FILE - In this Aug. 18, 1988 file photo, Republican presidential candidate, Vice President George H.W. Bush, right, and his running mate Sen. Dan Quayle, R-Ind., wave to the assembly of the Republican National Convention in New Orleans after their acceptance speeches for the presidential and vice-presidential nomination. Long gone are the passionate debates. Long gone is the suspense about who will emerge as the party's presidential nominee. Political conventions now are carefully scripted pep rallies aimed at a national TV audience. Not since the 1970s, in fact, has the nation had a major-party national convention begin with the nominee in doubt. Americans already know how the story will end at this year's Republican and Democratic national gatherings. So have modern-day conventions become irrelevant? (AP Photo/J. Scott Applewhite, File)

Associated Press
FILE - In this Aug. 18, 1988 file photo, Republican presidential candidate, Vice President George H.W. Bush,  right, and his running mate Sen. Dan Quayle, R-Ind., wave to the assembly of the Republican National Convention in New Orleans after their acceptance speeches for the presidential and vice-presidential nomination.  Long gone are the passionate debates. Long gone is the suspense about who will emerge as the party's presidential nominee. Political conventions now are carefully scripted pep rallies aimed at a national TV audience. Not since the 1970s, in fact, has the nation had a major-party national convention begin with the nominee in doubt. Americans already know how the story will end at this year's Republican and Democratic national gatherings. So have modern-day conventions become irrelevant?  (AP Photo/J. Scott Applewhite, File)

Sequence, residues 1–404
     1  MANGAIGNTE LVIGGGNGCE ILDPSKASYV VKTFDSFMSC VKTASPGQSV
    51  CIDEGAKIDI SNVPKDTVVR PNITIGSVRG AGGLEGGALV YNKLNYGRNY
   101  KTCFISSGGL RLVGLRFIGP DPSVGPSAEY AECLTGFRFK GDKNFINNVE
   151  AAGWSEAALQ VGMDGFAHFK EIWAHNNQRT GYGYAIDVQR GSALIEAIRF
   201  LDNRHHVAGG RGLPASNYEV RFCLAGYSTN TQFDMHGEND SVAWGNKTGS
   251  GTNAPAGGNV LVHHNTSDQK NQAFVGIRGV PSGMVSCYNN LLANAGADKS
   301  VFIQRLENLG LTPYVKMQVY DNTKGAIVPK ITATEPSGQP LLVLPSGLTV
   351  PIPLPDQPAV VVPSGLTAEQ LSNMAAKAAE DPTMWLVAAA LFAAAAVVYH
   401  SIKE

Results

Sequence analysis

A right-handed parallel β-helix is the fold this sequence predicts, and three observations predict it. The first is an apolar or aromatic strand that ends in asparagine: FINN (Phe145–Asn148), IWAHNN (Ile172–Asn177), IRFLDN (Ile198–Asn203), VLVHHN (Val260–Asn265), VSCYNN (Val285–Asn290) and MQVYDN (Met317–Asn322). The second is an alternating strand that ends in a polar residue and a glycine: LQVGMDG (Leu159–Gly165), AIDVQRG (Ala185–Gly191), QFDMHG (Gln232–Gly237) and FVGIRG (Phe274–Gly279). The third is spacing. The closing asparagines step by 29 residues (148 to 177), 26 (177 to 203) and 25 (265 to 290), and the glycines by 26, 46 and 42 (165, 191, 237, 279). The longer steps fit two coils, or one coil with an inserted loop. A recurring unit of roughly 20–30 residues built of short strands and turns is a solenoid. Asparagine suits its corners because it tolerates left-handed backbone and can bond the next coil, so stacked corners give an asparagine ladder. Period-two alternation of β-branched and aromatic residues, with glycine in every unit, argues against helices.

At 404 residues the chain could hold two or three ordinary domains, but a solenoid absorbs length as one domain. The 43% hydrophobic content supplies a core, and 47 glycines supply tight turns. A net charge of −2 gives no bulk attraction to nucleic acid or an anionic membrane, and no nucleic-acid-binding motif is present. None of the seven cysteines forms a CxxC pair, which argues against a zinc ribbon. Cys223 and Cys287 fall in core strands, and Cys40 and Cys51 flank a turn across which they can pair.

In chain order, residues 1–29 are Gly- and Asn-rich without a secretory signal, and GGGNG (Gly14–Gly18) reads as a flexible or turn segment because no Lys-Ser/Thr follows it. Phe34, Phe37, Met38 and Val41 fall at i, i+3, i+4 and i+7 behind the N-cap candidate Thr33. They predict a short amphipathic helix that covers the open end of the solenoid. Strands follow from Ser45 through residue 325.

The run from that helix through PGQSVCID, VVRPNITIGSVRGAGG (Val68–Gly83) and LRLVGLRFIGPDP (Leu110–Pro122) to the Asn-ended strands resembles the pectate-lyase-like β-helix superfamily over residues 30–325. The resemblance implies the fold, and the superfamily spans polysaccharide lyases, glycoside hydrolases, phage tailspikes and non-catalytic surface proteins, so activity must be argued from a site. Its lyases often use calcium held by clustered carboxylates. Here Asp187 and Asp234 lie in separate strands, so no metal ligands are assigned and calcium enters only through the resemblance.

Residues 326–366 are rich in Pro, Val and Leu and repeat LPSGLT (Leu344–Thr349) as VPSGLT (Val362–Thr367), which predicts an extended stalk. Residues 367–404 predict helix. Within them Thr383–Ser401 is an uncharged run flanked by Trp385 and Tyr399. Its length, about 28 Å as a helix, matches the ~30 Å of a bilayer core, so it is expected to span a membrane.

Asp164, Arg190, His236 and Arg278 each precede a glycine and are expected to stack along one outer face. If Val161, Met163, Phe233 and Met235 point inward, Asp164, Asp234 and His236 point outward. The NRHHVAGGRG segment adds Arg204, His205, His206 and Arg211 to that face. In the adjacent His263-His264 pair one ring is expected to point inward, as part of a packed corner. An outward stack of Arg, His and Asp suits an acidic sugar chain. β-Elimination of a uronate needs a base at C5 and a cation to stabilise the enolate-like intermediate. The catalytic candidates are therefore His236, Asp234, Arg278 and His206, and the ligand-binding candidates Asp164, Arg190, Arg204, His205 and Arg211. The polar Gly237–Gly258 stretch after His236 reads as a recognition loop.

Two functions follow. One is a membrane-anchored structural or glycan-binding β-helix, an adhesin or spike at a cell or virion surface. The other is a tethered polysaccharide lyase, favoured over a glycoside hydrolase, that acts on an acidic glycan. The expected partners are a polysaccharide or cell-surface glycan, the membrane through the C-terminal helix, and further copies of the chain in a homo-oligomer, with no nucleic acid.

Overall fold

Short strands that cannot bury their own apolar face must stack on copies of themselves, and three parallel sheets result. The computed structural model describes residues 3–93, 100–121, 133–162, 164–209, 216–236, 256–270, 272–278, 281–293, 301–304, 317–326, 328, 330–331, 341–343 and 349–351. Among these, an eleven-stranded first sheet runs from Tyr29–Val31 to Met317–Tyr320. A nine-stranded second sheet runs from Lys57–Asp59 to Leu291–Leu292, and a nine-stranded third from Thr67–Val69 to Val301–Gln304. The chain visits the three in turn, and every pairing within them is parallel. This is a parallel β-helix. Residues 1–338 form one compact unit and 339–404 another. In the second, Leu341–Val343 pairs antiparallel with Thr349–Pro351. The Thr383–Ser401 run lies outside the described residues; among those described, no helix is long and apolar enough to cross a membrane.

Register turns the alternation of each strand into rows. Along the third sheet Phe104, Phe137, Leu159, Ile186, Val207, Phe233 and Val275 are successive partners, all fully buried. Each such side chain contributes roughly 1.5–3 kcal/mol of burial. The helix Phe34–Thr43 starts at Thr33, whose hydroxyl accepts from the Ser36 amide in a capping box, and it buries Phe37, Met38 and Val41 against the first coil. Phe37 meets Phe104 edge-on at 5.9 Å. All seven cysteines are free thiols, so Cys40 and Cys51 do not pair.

FILE - In this Aug. 18, 1988 file photo, Republican presidential candidate, Vice President George H.W. Bush, right, and his running mate Sen. Dan Quayle, R-Ind., wave to the assembly of the Republican National Convention in New Orleans after their acceptance speeches for the presidential and vice-presidential nomination. Long gone are the passionate debates. Long gone is the suspense about who will emerge as the party's presidential nominee. Political conventions now are carefully scripted pep rallies aimed at a national TV audience. Not since the 1970s, in fact, has the nation had a major-party national convention begin with the nominee in doubt. Americans already know how the story will end at this year's Republican and Democratic national gatherings. So have modern-day conventions become irrelevant? (AP Photo/J. Scott Applewhite, File)
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